In a concerted effort to stop the CT Department of Transportation’s proposal to raise Metro-North fares by 5-percent this December, State Rep. Gail Lavielle–joined by several of her Republican colleagues–testified at the public hearing held Wednesday, Sept. 14, at the UConn Stamford Campus Auditorium.
“I am here for my constituents today,” said Lavielle. “Commuters aren’t getting anything back from these increases. Instead, it’s a deficiency in the state budget that the public is being asked to pay for.”
The other House Republican legislators who testified included state representatives Brenda Kupchick, Laura Devlin, Mike Bocchino, Dave Rutigliano, Fred Camillo, and J.P. Sredzinski.
Over the last few weeks, the legislators have met with early morning rail commuters on the train station platforms and riding the trains, and speaking with them about the unfair increase. At the public hearing, Lavielle and House legislative colleagues presented signed petitions containing more than 1,700 signatures of constituents who join in the opposition to the proposed hikes.
At the public hearing, Lavielle presented a letter (reprinted in full, below) addressed to Gov. Dannel P. Malloy, legislative leaders and CTDOT commissioner James Redeker to Commissioner Redeker following her testimony. In the letter, Lavielle and 17 other House Republican legislators write about their objection to the proposed fare hike, explaining that rail commuters are being “forced to pay for gaps in the state budget that was passed by the legislative majority this spring.”
The letter stated, “The increase is unfair, and it is unnecessary. In a year when majority legislators and the administration have insisted that the state budget includes no new taxes, it imposes a new tax on one group of people who, as a result, have no choice but to spend more money just to be able to go to work.”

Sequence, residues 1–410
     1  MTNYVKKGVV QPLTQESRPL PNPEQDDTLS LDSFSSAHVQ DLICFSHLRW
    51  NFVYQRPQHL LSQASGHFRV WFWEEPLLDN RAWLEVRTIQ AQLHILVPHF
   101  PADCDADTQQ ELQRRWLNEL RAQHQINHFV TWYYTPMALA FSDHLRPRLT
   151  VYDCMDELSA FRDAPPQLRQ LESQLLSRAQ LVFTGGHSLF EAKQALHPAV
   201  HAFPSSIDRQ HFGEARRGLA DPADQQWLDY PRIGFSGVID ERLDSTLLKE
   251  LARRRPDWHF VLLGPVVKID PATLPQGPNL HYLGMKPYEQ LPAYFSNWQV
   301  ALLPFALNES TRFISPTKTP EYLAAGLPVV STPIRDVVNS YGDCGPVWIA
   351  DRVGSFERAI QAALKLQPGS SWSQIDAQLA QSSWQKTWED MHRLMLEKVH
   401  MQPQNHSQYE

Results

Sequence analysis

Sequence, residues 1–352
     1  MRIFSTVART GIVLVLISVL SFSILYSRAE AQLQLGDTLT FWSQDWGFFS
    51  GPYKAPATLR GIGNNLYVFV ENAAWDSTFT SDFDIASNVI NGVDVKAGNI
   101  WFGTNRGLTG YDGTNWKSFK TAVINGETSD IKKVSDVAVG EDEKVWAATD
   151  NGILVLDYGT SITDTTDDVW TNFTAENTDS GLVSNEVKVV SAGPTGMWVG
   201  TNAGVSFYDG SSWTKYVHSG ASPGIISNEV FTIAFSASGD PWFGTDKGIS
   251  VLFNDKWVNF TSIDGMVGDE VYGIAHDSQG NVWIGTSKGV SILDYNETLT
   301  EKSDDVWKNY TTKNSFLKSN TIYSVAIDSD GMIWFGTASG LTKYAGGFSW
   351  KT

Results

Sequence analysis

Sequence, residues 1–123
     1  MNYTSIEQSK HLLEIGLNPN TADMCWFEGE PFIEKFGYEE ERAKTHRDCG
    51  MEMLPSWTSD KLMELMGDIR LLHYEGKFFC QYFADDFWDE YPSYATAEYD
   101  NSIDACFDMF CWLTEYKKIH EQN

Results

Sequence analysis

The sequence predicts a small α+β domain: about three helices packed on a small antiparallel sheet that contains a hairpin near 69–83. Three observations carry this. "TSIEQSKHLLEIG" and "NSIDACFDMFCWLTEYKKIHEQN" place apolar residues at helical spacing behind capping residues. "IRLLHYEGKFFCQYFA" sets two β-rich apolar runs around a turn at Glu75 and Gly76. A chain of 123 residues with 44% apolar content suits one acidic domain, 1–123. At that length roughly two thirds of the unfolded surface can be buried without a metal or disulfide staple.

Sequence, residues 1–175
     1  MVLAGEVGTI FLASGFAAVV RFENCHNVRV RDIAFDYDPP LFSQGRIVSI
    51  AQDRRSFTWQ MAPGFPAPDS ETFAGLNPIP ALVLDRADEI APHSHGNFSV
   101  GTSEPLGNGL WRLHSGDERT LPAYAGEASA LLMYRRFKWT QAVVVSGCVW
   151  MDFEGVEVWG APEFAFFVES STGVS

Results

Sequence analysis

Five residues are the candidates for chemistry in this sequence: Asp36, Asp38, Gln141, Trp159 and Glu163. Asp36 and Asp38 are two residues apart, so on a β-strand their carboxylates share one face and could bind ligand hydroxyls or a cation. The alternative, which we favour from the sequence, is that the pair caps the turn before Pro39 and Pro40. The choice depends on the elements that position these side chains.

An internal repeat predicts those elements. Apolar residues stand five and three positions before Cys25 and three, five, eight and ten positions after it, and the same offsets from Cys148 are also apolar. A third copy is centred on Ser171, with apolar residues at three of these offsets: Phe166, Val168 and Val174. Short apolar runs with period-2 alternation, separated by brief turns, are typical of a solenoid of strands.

The lawmakers explain in the letter that the DOT acknowledged from the start that the proposed fare increase has nothing to do with either service improvements or cost increases, but rather, is due exclusively to a $37 million cut to the agency’s budget as a direct consequence of the 2017 budget passed by the legislative majority last May.
Lavielle also noted during her testimony (also reprinted in full, below) that rather than merely objecting, the group of 18 House lawmakers is also offering alternatives for consideration in place of the fare hikes on rail commuters. Among their suggestions is eliminating the tax exemption on the sale of tickets to events at the XL Center in Hartford, the Webster Bank Arena in Bridgeport, and the Harbor Yard Ballpark in Bridgeport. Lavielle added, “Recreational activities are optional, but for these rail commuters, taking the train to work is not an option, and they are hostages to this steep 5-percent increase.”
Lavielle represents Norwalk, Westport, and Wilton. She is Ranking Member of the General Assembly’s Education Committee and a member of the Appropriations and Transportation Committees.